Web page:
I have compiled this simple code on XC8 compiler and loaded the hex file into Picsimlab - simulator board (board 4) having PIC16f877a microcontroller.

    unsigned int x = 1;
    char *ptr = (char *) &x;

    if (*ptr == 1)

        clcd_print("little Endian", LINE1(0));
        clcd_print("big Endian", LINE1(0));

output: little endian

So can we deducde that Xc8 compiler follows little endian byte ordering system to program PIC16f877a?
Does that also mean that PIC16f877a stores variables into its data memory using little endian byte ordering system?

Can you please provide link to documentation mentioning about the byte ordering system followed by PIC16f877a and XC8 compiler?


1 Answer 1


Have a look at the user guide of the XC8 compiler. In chapter 5.4.2 you could read about the endianism of integer variables:

All integer values are represented in little endian format with the Least Significant Byte (LSB) at the lower address

Little endian is the default and only used endianism for all xc compilers.

The PIC16 family is a 8 Bit controller, so the controller itself don't had to care about endianess.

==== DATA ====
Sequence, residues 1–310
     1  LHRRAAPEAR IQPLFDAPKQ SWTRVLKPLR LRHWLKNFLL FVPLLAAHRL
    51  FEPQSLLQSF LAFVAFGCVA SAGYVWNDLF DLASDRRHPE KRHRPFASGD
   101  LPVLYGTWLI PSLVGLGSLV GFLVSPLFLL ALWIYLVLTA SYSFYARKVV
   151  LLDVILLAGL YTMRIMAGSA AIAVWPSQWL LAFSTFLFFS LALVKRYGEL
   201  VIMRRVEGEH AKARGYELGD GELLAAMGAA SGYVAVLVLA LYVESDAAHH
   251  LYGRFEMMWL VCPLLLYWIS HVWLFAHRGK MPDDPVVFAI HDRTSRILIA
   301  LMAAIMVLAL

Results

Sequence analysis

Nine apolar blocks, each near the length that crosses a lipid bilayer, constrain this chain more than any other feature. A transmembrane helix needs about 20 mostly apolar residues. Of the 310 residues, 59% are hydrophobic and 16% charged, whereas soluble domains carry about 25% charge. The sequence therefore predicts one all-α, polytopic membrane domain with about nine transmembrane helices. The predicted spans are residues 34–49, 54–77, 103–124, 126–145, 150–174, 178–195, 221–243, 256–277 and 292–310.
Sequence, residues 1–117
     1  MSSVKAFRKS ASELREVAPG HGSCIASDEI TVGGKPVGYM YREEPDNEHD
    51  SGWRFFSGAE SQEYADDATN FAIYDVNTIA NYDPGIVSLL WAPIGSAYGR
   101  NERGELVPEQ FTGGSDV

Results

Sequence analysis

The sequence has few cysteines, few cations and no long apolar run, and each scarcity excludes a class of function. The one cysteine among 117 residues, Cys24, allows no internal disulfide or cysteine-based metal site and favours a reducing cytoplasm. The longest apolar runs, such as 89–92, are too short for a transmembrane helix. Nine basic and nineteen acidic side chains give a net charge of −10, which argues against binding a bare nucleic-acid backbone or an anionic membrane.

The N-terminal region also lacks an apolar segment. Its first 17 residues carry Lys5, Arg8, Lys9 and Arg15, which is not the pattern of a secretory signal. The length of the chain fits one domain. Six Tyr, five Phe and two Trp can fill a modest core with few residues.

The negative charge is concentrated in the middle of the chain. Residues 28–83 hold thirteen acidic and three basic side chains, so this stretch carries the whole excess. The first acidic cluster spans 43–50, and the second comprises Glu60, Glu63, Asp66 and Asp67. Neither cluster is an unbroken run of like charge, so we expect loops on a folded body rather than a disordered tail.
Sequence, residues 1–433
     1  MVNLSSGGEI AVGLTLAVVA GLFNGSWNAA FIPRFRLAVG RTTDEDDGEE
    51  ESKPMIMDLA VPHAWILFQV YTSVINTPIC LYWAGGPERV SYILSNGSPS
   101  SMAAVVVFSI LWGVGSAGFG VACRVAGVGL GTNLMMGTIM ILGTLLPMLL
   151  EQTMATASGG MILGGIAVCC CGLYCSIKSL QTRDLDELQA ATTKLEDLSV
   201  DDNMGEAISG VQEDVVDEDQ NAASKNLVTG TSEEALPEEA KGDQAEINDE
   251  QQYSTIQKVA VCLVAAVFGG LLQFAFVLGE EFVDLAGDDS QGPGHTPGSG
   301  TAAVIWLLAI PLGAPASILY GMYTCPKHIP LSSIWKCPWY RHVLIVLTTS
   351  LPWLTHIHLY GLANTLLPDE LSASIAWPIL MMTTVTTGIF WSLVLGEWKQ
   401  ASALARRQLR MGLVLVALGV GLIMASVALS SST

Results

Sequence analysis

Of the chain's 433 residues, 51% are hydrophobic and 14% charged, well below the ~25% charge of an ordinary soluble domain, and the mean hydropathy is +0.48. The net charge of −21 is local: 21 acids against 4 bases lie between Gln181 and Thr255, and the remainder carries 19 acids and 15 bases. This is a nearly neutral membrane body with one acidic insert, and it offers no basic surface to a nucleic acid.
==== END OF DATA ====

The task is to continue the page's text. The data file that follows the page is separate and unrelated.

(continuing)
• 4
    Although it's true that PIC16 doesn't care about endianness, some of the registers are logically wider than 8 bits and they are arranged in little endian format, like TMR1H:TMR1L.
    – Tagli
    Jul 9, 2020 at 10:15
  • 2
    @Mike Your statement is "The PIC16 family is a 8 Bit controller, so the controller itself don't had to care about endianness" How controller handles integers (2 bytes) if it does not care about endianness.
    – Babajan
    Jul 9, 2020 at 10:41
  • 1
    @Babajan It accesses them using two 8-bit instructions. The controller doesn't care about endianess, because it accesses 8-bits at a time. The compiler can then generate instructions that would interpret the lower address byte as having the most or least significant bits, the compiler can manipulate if the data are interpreted using which endianess.
    – KamilCuk
    Jul 9, 2020 at 11:29
  • 1
    The PIC itself is only thinking in one Byte, everything else is the job of the compiler. He put two bytes together to an int
    – Mike
    Jul 9, 2020 at 11:33
  • 1
    It's up to you. Just store MSB and LSB separate and it put together afterwards. So both (little and big endianess) will work. Just think byte by byte...
    – Mike
    Jul 9, 2020 at 13:12

Your Answer

By clicking “Post Your Answer”, you agree to our terms of service and acknowledge that you have read and understand our privacy policy and code of conduct.

Not the answer you're looking for? Browse other questions tagged or ask your own question.